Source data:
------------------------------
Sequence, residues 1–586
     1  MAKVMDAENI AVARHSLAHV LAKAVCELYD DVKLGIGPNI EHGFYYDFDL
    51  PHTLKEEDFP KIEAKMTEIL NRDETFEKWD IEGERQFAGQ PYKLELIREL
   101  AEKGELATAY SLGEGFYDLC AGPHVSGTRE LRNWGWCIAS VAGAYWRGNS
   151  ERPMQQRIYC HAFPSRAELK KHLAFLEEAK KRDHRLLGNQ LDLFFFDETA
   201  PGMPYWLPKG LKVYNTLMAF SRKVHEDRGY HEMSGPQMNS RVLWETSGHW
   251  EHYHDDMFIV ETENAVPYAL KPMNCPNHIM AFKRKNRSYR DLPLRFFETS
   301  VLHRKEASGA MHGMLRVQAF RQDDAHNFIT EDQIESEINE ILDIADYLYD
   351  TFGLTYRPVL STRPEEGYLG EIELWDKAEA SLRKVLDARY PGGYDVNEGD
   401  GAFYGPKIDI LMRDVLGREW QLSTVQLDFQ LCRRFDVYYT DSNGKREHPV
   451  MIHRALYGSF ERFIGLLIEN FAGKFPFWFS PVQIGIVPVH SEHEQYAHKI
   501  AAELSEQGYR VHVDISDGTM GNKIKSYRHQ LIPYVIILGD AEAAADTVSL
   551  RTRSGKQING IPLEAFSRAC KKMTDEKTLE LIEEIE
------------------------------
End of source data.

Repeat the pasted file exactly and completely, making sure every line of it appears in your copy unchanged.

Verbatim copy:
Sequence, residues 1–586
     1  MAKVMDAENI AVARHSLAHV LAKAVCELYD DVKLGIGPNI EHGFYYDFDL
    51  PHTLKEEDFP KIEAKMTEIL NRDETFEKWD IEGERQFAGQ PYKLELIREL
   101  AEKGELATAY SLGEGFYDLC AGPHVSGTRE LRNWGWCIAS VAGAYWRGNS
   151  ERPMQQRIYC HAFPSRAELK KHLAFLEEAK KRDHRLLGNQ LDLFFFDETA
   201  PGMPYWLPKG LKVYNTLMAF SRKVHEDRGY HEMSGPQMNS RVLWETSGHW
   251  EHYHDDMFIV ETENAVPYAL KPMNCPNHIM AFKRKNRSYR DLPLRFFETS
   301  VLHRKEASGA MHGMLRVQAF RQDDAHNFIT EDQIESEINE ILDIADYLYD
   351  TFGLTYRPVL STRPEEGYLG EIELWDKAEA SLRKVLDARY PGGYDVNEGD
   401  GAFYGPKIDI LMRDVLGREW QLSTVQLDFQ LCRRFDVYYT DSNGKREHPV
   451  MIHRALYGSF ERFIGLLIEN FAGKFPFWFS PVQIGIVPVH SEHEQYAHKI
   501  AAELSEQGYR VHVDISDGTM GNKIKSYRHQ LIPYVIILGD AEAAADTVSL
   551  RTRSGKQING IPLEAFSRAC KKMTDEKTLE LIEEIE